Dye Another Day
A natural dye and design studio in San Juan Capistrano that’s idyllic, sure, but also scrupulously considered and passionately undertaken.
BY JULIA BEMBENEK
PHOTOGRAPHED BY LAURE JOLIET
Kristin Amber Morrison meets us in the kitchen of the sunny early-Craftsman farmhouse where she and her husband run The Ecology Center. A community environmental conservation and sustainability initiative in San Juan Capistrano, the Center is situated next door to a farmstand with a seemingly endless supply of just-picked, perfectly ripe strawberries, a bowl of which Morrison presents upon introduction. She leads us outside to her studio, weaving her way through a garden complete with lazy farm cats lounging in the sun.
A sun-dappled, breezy space in the base of a watertower of the same era as the main house, Morrison’s studio is a welcoming space: full of things that beg to be touched and—more importantly—used in the creation of her naturally-dyed apparel, textiles, and artwork. One side of the studio is packed chockablock with various tools, ranging from the everyday to the obscure, and jars upon jars of dyeing material. Full of petals, seeds, shells and twigs of all hues, all beautiful in their containers, but from our perspective, clamoring to be unleashed. Morrison soon indulges us, covering the bulk of her work table. Calendula, madder root, the coveted cochineal, lichen, carob, hibiscus flower, indigo, oak balls and more mingle in a kaleidoscope of texture and color, anticipating the artful chemistry of the dyeing process.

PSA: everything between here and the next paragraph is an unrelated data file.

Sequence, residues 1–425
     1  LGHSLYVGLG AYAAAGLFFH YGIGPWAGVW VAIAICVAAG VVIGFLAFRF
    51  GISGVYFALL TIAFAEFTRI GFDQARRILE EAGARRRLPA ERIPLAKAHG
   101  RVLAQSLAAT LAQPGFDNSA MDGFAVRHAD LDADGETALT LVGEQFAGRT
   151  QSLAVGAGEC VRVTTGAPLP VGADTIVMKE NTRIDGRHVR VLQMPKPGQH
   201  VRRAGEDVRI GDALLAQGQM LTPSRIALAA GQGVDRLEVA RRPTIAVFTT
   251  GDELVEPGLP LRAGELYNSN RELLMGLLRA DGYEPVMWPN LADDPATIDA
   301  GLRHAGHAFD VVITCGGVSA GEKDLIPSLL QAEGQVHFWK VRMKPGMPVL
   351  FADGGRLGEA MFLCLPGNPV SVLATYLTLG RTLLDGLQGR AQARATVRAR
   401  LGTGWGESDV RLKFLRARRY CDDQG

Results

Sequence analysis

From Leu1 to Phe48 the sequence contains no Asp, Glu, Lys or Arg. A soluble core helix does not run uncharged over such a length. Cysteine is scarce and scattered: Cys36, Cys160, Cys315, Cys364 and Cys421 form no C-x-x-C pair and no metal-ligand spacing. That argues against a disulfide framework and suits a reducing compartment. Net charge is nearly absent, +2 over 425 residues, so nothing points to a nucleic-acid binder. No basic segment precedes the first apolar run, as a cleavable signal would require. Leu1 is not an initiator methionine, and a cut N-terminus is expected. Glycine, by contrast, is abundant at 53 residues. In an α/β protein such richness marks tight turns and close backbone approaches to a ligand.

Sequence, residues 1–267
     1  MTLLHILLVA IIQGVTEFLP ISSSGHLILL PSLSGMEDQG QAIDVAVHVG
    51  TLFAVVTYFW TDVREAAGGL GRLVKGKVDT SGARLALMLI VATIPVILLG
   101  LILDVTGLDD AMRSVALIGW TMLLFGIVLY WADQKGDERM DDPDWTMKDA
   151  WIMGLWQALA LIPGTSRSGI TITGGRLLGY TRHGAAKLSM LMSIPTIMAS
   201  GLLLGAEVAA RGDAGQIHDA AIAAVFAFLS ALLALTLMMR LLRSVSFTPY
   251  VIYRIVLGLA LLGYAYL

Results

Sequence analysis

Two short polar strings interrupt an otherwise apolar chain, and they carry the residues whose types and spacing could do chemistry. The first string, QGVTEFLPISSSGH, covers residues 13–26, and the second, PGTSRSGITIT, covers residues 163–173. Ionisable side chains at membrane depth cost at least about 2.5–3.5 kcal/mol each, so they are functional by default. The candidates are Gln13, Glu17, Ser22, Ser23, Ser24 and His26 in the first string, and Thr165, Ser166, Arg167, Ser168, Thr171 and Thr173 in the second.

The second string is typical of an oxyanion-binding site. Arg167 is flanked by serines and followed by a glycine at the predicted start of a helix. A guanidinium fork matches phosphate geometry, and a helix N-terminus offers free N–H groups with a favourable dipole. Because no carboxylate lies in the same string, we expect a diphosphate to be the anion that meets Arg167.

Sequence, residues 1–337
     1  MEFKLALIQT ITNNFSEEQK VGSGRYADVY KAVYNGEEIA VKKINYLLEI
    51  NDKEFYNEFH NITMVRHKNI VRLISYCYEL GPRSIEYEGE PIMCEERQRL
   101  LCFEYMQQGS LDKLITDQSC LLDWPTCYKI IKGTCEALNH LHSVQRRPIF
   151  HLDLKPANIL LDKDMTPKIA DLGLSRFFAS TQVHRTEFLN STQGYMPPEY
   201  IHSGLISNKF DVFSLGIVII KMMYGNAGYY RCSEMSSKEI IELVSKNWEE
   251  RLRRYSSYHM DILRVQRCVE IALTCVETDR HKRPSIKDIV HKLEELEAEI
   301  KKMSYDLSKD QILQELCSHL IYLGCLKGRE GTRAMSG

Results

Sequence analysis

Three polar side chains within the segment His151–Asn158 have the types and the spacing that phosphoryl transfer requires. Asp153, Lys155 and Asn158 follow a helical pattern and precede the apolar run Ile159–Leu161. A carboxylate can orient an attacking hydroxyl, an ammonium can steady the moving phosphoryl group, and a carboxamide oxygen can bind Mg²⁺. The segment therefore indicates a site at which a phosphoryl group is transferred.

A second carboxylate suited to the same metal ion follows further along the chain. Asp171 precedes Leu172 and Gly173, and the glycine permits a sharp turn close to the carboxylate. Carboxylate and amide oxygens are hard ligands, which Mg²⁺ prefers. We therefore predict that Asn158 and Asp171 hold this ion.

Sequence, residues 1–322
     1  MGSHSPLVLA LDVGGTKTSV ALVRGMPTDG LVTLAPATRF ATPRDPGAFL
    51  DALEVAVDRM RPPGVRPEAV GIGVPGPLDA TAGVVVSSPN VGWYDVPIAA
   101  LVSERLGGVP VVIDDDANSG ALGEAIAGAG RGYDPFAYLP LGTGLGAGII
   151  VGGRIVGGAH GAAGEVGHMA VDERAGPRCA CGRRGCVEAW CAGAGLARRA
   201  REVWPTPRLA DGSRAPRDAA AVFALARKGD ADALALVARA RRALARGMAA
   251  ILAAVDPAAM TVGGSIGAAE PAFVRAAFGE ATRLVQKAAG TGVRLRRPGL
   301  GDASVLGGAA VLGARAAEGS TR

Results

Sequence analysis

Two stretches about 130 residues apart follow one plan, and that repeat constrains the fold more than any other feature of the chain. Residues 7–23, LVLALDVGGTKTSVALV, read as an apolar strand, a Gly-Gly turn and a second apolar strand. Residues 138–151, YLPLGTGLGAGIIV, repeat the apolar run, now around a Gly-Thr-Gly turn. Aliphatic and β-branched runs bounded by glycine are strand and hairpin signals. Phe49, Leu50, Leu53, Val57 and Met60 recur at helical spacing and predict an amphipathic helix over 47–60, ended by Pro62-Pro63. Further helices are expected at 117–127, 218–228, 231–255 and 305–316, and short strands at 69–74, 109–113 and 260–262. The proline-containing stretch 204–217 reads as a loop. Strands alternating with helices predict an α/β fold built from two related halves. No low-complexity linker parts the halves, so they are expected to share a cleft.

Morrison came to natural dyes by chance. Originally enamored with the aesthetic possibilities of market-produced dyes, she was teaching tie-dye workshops when a friend told her about a bounty of cochineal nearby. Tagging along out of curiosity, Morrison found herself instantly intrigued and soon obsessed. When Morrison speaks of her work, it’s the process that really inspires her. Foraging the often overlooked watersheds of Orange County, experimenting with different tinctures, dyes, and fixatives, she speaks of a certain magic to creating these colors. It’s alchemy to get the perfect combination of vibrant hue, lightfastness, and aesthetic satisfaction. Morrison gets pleasure from this juxtaposition of tangibility and mystery that nature provides to her art and revels in the chance discoveries that come along the way.
The creative journey yields results that speak for themselves. Beginning with more sculptural textile arts work, it was only a matter of time before Morrison moved to apparel. Her line KAM Textiles features a range of versatile and stylish pieces that all showcase a facility with 3D construction. The drape is casual but cleanly elegant, belying Morrison’s personal attention to and affinity for each piece. She admits she isn’t one for pattern-making, preferring instead to treat the pieces sculpturally. Along with separates dyed in various colorways, KAM Textiles offers foraging aprons, undeniably reflecting their maker.
Under a clear blue California sky, a sea breeze softly blowing as we tour the garden and greenhouse, it’s easy to idealize Morrison’s situation as the laid-back, carefree good life. Every part of her process takes time. Growing, foraging, marinating tinctures, dyeing, construction—there’s no rushing any of it. But it’s short-sighted to think that it’s all lazy strawberry-eating. Morrison is interminably industrious; working on next steps for KAM Textiles, teaching workshops, running the Ecology Center and other community outreach programs. It’s hard to believe there are enough hours in the day for everything, but somehow it works beautifully for her, synthesizing into an inimitably intelligent, conscientious, and well-constructed package.